• Child dependant. Children or dependants under 21 years of age.
  • Student dependant. A child under the age of 25 who is studying full-time.
CUA Health
  • Child dependant. Any dependant children or young adults are covered on a family policy until their 23rd birthday.
  • Student dependant. Full-time student dependants are covered until they turn 25. They must be registered each year from 23 years of age.
Defence Health
  • Dependant child. Someone who is unmarried and under the age of 21.
  • Student dependant. Someone between 21 and 24 years of age and is enrolled in full-time study.
  • Adult dependant. A dependant who is unmarried, is not enrolled in full-time study, and is between 21 and 24 years of age.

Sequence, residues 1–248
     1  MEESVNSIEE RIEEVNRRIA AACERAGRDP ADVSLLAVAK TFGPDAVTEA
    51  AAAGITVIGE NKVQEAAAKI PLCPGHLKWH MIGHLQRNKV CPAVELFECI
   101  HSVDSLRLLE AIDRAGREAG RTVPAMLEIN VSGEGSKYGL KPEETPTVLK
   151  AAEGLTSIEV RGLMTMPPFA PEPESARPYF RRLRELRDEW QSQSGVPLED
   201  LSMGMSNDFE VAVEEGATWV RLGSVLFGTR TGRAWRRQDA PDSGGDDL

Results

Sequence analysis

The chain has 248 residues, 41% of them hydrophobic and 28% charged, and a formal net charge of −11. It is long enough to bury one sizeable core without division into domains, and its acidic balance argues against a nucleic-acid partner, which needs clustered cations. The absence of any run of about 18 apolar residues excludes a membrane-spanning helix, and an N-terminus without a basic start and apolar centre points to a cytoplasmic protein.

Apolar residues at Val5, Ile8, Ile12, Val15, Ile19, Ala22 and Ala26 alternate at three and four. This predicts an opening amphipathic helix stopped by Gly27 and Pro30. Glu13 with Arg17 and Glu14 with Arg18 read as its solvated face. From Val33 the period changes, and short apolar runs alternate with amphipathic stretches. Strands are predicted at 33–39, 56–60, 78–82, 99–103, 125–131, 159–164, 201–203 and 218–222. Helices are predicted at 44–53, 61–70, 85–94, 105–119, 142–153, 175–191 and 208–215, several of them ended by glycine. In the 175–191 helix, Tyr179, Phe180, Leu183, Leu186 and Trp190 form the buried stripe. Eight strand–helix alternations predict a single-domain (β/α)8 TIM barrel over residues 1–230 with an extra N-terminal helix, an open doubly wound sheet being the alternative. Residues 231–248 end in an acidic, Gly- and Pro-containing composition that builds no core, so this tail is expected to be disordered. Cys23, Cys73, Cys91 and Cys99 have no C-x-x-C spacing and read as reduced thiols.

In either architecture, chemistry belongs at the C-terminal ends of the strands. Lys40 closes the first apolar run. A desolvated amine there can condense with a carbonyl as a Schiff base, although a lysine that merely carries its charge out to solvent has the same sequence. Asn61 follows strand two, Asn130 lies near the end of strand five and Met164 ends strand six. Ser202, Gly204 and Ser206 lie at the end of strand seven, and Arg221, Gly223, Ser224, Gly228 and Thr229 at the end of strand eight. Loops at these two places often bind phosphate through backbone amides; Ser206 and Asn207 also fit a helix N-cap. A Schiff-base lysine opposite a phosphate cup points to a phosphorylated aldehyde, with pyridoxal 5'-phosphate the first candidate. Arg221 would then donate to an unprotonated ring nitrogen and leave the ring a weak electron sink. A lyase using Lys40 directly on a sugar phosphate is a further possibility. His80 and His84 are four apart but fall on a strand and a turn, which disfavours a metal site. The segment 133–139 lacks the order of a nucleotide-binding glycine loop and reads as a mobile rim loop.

Doctors Health Fund
  • Child dependant. Children can be covered by your family membership up to the age of 21.
  • Student dependant. Dependants are covered by the family's membership until the age of 24 .
Frank Health Insurance
  • Child dependant. Children are covered until they turn 21 years of age.
  • Student dependant. Dependants are covered until they turn 25 years of age, provided they are in full-time study.
GMF Health
  • Child dependant. Someone who is unmarried and under the age of 21.
  • Student dependant. A dependant who is aged between 18 and 25, is enrolled in full-time studies, and does not have a taxable income in excess of what is stipulated by HBF.
  • Adult dependant. Children of the policyholder who are under 25, unmarried, fully dependent on their parents, and do not have a taxable income in excess of what is stipulated by HBF.